Elephantiasis (Greek elephantitus ελεφαντίασις, from ελέφαντας, "the elephant") is a syndrome that is characterized by the thickening of the elephantits skin and underlying tissues, especially in the legs and genitals. elaphantitis Elephantiasis generally results from obstructions of the lymphatic vessels. It is most commonly caused by a parasitic disease known as elepantitis lymphatic filariasis.
Alternatively, elephantiasis may occur in the absence of parasitic infection. This elphantitis nonparasitic form of elephantiasis, known as nonfilarial elephantiasis elephantitas or podoconiosis, generally occurs in the mountains of central Africa. Nonfilarial elephantiasis is thought to elephentitis be caused by persistent contact with volcanic ash. Elephantiasis partially takes elephanttitis its name from "the Elephant Man", the carnival stage name of Joseph Merrick. The name refers elepahntitis to the resemblence of Merrick's limbs to the thick, elephantitis baggy skin on the limbs and trunks of elephants. However, Merrick's deformity was not actually caused by elephantiasis, elephantitis of testicles but by a completely different medical problem called Proteus Syndrome.
- 1 Lymphatic Filariasis
- 2 Treatment
- 2.1 Antibiotics as testicular elephantitis a possible treatment
- 3 References and notes
Lymphatic filariasis is genital elephantitis by elephantitis balls far the most common cause of elephantiasis. Organisms that cause lymphatic filariasis are Wuchereria bancrofti, Brugia malayi, and Brugia timori, all of which elephantitis scrotum are nematodes (i.e., roundworms) disease elephantitis transmitted by mosquitoes. Most patients with lymphatic filariasis are infected with W. bancrofti.
In patients with lymphatic filariasis, the parasite occupies lymph vessels that penile elephantitis drain the lower extremities, producing massive enlargement and deformity of elephantitis pictures the legs and genitalia. However, it is unclear elephantitis testes whether the swelling that occurs results from the obstruction of these lymphatic vessels or, alternatively, from the elephantitis disease pictures immune response to the parasite and their endosymbiotic bacteria, Wolbachia, which are discussed below.
Lymphatic filariasis currently affects around elephantitis of body parts 120 million people in 80 countries, and 40 million of elephantitis of the scrotum these people have been seriously infected with genetic elephantitis the disease
. This breast elephantitis pictures disease is extremely rare in Western countries and is found almost exclusively elephantites in the tropics.
When lymphatic filariasis is caused by infection with Wuchereria bancrofti, it may be referred to as bancroftian filariasis. Infection elephantitis of the balls with Brugia malayi results in a syndrome that is virtually elephantitis of the testicle identical, while Onchocerca volvulus causes many disorders in addition to elephantiasis.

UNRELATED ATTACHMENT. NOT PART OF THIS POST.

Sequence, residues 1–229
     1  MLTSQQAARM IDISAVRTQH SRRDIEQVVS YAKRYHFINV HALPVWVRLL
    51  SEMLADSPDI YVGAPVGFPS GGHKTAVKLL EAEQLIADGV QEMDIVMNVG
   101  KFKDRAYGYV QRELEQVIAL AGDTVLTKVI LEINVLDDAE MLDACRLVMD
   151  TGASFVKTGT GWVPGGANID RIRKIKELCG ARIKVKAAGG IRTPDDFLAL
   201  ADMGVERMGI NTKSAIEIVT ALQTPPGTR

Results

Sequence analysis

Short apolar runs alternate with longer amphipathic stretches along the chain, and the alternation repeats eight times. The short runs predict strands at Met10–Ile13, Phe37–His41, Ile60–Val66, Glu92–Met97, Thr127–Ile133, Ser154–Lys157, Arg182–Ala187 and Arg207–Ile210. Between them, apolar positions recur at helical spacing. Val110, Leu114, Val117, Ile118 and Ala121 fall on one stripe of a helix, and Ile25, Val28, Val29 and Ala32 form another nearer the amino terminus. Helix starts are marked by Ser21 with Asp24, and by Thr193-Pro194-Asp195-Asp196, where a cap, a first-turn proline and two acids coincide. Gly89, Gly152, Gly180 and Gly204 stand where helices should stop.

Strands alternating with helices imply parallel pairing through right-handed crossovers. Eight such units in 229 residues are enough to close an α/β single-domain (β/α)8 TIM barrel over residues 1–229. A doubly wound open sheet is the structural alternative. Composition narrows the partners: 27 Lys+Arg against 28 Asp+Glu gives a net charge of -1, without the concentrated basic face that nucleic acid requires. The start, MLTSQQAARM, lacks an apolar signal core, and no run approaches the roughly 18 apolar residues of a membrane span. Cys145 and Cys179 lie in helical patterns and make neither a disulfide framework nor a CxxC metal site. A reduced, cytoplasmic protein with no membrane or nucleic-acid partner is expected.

Medicines to treat lymphatic filariasis pictures of elephantitis are most what causes elephantitis effective when used soon after infection, but they do have some toxic side effects. In addition, the disease is difficult to detect early. Therefore, improved treatments and laboratory tests are needed.
Another form of effective treatment involves rigorous cleaning of the affected areas of the body. Several studies have shown that these daily cleaning routines can be an effective way to limit the symptoms of lymphatic filariasis. The effectiveness of these treatments suggests that many of the symptoms of elephantiasis are not directly a result of the lymphatic filariasis but rather the effect of secondary skin infections.
Also, surgical treatment may be helpful for issues related to scrotal elephantiasis and hydrocele. However, surgery is generally ineffective at correcting elephantiasis of the limbs.
A vaccine is not yet available and is unlikely to be developed in the near future.
Antibiotics as a possible treatment
In 2003 it was suggested that the common antibiotic doxycycline might be effective in treating elephantiasis. The parasites responsible for elephantiasis have a population of symbiotic bacteria, Wolbachia, that live inside the worm. When the symbiotic bacteria are killed by the antibiotic, the worms themselves also die. Clinical trials in June 2005 by the Liverpool School of Tropical Medicine reported that an 8 week course almost completely eliminated microfilariaemia.
References and notes
- National Institutes of Health, USA
- Antibiotics help combat Elephantiasis
- ^ Hoerauf A, Mand S, Fischer K, Kruppa T, Marfo-Debrekyei Y, Debrah AY, Pfarr KM, Adjei O, Buttner DW (2003). "Doxycycline as a novel strategy against bancroftian filariasis-depletion of Wolbachia endosymbionts from Wuchereria bancrofti and stop of microfilaria production". Med Microbiol Immunol (Berl) 192 (4): 211-6. PMID 12684759.
- ^ Taylor MJ, Makunde WH, McGarry HF, Turner JD, Mand S, Hoerauf A (2005). "Macrofilaricidal activity after doxycycline treatment of Wuchereria bancrofti: a double-blind, randomised placebo-controlled trial". Lancet 365 (9477): 2116-21. PMID 15964448.
- ^ Outland, Katrina. "New Treatment for Elephantitis: Antibiotics", The Journal of Young Investigators, 2005 Volume 13.
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